Where is Japan Heading?
Records of 30 years of Heisie
Publisher: Open books
Published: 10 MAY, 2021
A newly rich man named the Hills
While tensions continued with North Korea, Korea-Japan relations were good. The 2002 Korea-Japan World Cup was held, and in 2004, Korea's entertainment boom was caused by "Winter Sonata." Although the energy was dampened, Korean celebrities are still famous. Panawave is an organization that wears white clothes to protect itself from electromagnetic waves.
In Understanding, Roppongi Hills was built, making the world buzz. The residents of Roppongi Hills, including 堀 貴, were called the "30s or emerging rich people" of Livedoor. Those who succeeded in making money from the IT industry have become objects that the world admires. Before the gap widened, it was a time when they thought that if you tried, you could become wealthy yourself. Roppongi Hills appeared to be a gated city. In the United States suburbs, a door-encrusted neighborhood restricts access to anyone other than residents to maintain security. In the case of Japan, I thought it was stretching upward. However, the Heisei was also ending, and it became a society that was not strange even in the event of a riot. Other developers represented by "Dokyu" have UR rental houses on the lower floors and sell high-rise buildings to the wealthy. In other words, the middle class is also available, but Roppongi Hills completely excluded the middle class and those below it. The difference in these concepts is significant. When the gap widens, Roppongi Hills becomes a symbol of hatred. When I think about it, I feel that developers like Tokyu are clever.
Tokyu and other places have a private (私鉄) culture connecting the middle class to buy a detached house. It would not be nice to say that there is nothing. Still, it is said that it takes a few minutes to Shibuya by connecting railways to rural or rural areas and minutes to Meguro, Gotanda, and Oimachi, and sells suburban detached houses to office workers. Initially, Ichizo Kobayashi of Hankyu thought of it. It is to give dreams to non-rich people by making them feel rich and looking up. It is a culture that leaves holes in the lower floors of urban apartments where people can live relatively cheaply, which leads to a culture. It is an idea of class appeasement. However, the Mori Building, which developed Roppongi Hills, specializes in high-rise buildings. It would be entirely correct for companies to exclude the under-profitable floors, but the way of creating disconnection is bound to work in the direction of increasing social tension.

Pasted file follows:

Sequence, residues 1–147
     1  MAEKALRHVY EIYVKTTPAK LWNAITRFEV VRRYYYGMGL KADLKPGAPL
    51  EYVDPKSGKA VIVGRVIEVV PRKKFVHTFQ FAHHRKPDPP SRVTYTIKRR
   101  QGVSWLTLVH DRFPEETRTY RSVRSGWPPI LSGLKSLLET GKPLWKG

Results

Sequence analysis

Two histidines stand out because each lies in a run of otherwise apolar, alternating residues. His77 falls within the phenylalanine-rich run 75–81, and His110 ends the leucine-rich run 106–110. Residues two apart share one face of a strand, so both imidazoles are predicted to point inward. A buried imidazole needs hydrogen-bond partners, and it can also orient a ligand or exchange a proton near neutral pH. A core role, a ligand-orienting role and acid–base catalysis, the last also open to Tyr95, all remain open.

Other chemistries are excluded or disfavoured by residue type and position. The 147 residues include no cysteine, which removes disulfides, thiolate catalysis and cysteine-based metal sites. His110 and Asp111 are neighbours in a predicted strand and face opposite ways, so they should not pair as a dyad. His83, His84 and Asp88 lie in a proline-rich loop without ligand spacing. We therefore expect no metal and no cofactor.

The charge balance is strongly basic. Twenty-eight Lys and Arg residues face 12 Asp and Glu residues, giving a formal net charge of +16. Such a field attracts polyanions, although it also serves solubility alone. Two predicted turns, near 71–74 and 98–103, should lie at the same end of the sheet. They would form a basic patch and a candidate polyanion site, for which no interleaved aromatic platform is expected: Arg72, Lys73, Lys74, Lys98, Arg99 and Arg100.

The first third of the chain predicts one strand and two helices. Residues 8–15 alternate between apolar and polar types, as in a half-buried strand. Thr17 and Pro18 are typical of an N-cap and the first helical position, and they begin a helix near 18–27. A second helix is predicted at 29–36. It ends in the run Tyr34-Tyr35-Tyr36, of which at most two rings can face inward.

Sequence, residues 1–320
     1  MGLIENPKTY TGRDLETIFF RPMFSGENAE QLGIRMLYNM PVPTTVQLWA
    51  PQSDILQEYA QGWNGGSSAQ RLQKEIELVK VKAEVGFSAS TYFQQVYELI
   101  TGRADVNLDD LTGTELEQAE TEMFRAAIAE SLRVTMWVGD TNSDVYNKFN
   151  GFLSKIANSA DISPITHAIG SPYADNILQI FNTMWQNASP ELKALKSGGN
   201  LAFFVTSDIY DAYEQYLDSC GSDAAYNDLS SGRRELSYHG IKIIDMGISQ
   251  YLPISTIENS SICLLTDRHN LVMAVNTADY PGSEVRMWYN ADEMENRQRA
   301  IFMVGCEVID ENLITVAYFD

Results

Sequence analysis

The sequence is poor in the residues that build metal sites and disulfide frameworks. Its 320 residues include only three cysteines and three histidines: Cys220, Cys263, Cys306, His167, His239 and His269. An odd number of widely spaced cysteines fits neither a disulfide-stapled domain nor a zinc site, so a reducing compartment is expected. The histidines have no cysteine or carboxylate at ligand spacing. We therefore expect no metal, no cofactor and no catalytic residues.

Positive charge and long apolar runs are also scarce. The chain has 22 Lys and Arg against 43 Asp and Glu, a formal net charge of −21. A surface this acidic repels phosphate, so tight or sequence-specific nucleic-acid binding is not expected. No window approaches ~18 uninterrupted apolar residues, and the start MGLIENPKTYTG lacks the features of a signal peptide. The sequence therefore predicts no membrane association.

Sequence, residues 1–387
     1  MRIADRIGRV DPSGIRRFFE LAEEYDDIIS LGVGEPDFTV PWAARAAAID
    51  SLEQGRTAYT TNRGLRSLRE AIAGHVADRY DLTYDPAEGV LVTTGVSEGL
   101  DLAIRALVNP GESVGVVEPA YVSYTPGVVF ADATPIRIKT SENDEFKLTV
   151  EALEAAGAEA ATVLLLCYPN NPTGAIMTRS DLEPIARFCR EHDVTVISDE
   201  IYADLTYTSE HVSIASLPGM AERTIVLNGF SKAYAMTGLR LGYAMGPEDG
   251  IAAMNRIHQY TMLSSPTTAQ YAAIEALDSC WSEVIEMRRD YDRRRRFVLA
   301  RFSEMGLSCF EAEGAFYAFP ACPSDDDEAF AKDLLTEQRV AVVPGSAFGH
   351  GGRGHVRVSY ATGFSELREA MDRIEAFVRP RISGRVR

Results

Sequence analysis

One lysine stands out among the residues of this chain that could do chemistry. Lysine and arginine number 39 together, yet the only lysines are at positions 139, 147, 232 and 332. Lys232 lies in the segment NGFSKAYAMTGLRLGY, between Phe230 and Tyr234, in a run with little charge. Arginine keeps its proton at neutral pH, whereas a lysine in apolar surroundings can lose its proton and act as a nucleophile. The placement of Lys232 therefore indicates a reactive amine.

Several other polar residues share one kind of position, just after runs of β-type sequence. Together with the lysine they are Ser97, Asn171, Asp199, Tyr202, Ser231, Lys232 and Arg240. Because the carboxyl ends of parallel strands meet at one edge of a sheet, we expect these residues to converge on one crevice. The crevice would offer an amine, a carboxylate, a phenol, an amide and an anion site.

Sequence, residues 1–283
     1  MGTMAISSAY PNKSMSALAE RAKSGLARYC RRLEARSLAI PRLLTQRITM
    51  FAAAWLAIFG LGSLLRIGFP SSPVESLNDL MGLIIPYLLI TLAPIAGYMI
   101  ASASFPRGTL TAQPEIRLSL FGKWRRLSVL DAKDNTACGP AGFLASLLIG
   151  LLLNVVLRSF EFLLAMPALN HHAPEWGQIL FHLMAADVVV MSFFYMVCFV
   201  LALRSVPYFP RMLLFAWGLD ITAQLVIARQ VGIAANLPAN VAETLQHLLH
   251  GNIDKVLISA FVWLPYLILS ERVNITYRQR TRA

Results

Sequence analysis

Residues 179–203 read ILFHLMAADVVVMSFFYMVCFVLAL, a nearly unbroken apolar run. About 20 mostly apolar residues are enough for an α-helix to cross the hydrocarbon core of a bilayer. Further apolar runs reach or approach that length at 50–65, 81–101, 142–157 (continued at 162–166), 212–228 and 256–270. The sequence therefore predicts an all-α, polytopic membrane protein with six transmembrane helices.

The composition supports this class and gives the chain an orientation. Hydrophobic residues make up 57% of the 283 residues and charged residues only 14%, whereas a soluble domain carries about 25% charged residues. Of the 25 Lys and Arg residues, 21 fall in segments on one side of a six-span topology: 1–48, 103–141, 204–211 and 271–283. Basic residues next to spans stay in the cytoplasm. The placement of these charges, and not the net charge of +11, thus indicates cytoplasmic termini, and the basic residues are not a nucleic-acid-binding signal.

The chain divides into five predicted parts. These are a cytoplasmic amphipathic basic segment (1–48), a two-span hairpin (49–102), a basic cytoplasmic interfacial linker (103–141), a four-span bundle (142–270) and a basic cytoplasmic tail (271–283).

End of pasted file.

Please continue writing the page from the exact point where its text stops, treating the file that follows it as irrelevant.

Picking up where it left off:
There's something I've always felt strange about Japanese houses. Despite the risk of disasters and fires, many wooden houses are still in Japan. Rationally, reinforced concrete houses are better. About 20 years ago, a large housing company handled it, but now it's only doing a part of it. Don't you think it's better to break it down? When reinforced concrete houses that last more than 100 years are spread, the housing industry's growth stops. From the perspective of the housing industry, I can understand why. The Japanese are also living on the premise of massive destruction. No matter how strong they are, they are destroyed. The restart from the garbage dump has already been reflected.
It is an idea that also connects with Godzilla in the sense that movies that are destroyed, such as atomic bombs, airstrikes, significant earthquakes, major tsunamis, and Godzilla, are allowed as cultural symbols. The Japanese have lived with the catastrophe. Japanese culture is inseparable from destruction and regeneration. Sato Japan does not necessarily enter a new phase after the calamity. Daily life will continue after the disaster. For example, wouldn't it be the image of moving from "The Red and White House Convention" to "The Year Coming"? Perhaps it feels like it is circulating. Resuscitation and destruction are repeated endlessly. It is a sense that Christianity with an apocalypse does not have. No actual apocalypse exists in Japan, where destruction and reproduction are set. It is also linked to the Shinto's "Nakaima" 33. They all end up with "Anytime, Now." The Japanese love the "forever now." That may be connected to the regime's attitude when it only cares about the approval rating. They only care about today's situation and do not think about tomorrow. The regime pursued the "forever now" followed.